Architectural firm BNKR have come up with a novel way of getting around Mexico city's strict planning laws, and have designed a 65 storey, inverted pyramid design earth-scraper which will descend an incredible 300 meters below ground, according to a report by Inhabitat.com.
The design allows 10 storeys each for retail, homes and a museum, and another 35 storeys for offices. At the moment planning laws forbid any building to be taller than eight storeys high, but there is a real need for new residential retail and office space within the city, especially as the past few years has seen a massive influx of new people. Federal laws in Mexico City also forbid any historic buildings to be demolished, even though the area needs rejuvenating.
This new structure will cover a 240 m² space right in the city square and will be covered with a glass floor allowing natural light to filter down through the central void so that all habitable spaces will enjoy natural ventilation and lighting. At the moment numerous events take place on the city square each year, which include open-air exhibitions, concerts and military parades, and this innovative design means these can continue to go ahead.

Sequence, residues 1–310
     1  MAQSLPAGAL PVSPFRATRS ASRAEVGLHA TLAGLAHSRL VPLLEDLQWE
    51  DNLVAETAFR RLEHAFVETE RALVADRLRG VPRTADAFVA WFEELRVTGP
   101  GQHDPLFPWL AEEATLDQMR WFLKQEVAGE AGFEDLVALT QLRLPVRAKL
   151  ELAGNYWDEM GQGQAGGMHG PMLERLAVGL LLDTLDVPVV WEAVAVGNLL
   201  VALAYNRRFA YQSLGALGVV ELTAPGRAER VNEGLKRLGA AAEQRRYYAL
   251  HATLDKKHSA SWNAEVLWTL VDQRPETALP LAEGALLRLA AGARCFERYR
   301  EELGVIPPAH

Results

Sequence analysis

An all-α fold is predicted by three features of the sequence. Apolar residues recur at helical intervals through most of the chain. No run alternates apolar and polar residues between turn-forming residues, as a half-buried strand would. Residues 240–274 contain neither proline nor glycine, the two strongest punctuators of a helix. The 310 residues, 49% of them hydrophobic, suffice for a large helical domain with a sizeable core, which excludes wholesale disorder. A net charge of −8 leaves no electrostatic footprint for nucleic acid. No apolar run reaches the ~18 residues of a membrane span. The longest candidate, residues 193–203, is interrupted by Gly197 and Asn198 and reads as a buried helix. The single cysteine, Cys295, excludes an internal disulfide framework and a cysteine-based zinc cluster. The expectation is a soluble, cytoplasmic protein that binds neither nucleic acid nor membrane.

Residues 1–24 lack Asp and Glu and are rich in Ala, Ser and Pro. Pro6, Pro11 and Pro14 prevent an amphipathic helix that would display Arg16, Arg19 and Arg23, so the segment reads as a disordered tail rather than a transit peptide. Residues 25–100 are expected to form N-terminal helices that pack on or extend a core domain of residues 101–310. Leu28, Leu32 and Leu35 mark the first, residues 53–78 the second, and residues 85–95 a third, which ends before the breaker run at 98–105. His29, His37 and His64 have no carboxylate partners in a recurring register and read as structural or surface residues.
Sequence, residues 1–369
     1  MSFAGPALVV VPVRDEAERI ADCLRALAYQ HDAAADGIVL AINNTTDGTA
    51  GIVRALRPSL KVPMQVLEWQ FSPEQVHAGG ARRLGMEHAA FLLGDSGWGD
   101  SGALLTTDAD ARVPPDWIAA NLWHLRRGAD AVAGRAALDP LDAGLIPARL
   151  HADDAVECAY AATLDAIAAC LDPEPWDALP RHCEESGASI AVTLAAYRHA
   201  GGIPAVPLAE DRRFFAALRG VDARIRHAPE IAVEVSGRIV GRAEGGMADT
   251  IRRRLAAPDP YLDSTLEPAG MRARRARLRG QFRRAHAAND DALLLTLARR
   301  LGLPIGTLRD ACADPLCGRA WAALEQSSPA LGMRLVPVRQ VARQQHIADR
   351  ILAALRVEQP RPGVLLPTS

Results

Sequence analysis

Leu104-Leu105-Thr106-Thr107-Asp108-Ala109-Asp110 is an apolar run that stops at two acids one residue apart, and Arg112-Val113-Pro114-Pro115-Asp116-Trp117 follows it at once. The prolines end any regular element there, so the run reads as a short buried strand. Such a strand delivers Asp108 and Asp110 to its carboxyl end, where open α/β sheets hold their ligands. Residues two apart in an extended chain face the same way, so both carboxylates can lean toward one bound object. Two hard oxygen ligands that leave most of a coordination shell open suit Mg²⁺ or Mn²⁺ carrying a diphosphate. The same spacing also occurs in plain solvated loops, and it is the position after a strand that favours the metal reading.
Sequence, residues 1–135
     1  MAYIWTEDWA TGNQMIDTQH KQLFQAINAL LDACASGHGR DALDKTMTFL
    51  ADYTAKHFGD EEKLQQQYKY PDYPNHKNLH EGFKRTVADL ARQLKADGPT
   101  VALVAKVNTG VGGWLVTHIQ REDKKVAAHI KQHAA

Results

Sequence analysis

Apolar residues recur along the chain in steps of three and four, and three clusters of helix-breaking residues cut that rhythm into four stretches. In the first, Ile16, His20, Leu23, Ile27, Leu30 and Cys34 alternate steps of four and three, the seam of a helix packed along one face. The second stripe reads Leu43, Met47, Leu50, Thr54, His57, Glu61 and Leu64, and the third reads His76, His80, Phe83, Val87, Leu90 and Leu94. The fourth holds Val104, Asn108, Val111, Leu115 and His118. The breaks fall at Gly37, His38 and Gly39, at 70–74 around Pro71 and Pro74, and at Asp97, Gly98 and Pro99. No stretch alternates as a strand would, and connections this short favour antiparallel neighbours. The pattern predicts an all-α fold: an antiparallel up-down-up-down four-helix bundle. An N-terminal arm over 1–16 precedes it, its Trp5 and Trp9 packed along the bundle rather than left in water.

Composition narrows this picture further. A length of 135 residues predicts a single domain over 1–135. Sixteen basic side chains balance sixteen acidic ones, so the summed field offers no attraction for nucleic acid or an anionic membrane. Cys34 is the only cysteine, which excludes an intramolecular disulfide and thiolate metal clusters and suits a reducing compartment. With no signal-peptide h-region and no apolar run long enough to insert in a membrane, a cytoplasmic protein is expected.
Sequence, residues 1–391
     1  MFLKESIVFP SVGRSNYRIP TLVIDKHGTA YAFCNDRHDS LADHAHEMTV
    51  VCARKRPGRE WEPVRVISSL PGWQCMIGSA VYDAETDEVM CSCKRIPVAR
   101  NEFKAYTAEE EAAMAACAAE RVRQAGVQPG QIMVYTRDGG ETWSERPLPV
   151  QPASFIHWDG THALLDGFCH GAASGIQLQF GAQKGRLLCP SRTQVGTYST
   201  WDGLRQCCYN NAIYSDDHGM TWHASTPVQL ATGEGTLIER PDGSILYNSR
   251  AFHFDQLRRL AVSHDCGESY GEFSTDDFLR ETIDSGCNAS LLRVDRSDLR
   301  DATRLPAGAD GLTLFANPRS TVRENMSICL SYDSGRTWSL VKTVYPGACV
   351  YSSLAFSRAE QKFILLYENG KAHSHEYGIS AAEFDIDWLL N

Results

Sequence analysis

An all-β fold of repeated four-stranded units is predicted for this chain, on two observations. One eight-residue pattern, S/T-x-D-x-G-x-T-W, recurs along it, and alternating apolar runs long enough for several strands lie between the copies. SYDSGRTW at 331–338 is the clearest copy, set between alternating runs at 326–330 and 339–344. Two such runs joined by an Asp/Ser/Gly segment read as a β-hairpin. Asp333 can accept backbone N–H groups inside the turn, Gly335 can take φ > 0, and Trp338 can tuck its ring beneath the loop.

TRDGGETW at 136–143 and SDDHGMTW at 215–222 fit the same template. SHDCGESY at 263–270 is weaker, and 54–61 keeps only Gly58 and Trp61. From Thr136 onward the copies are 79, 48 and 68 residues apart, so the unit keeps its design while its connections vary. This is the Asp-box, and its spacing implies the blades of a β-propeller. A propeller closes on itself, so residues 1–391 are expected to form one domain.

The museum will be housed in the first 10 storeys of the structure, while shops and homes will be housed below. The office space will be housed below these levels, so that anyone visiting the building must first pass through the museum, and will hopefully learn a little about the history of the city before reaching their destination. The earth-scraper will contain huge plant beds and vertical gardens at every 10th level which will help keep the air clean and fresh by producing more oxygen, while also serving as communal meeting places.
It's certainly a fascinating concept, and the pyramid design has played a huge part in the history of Mexico as the Aztecs were famous for building these structures, although in a more traditional form.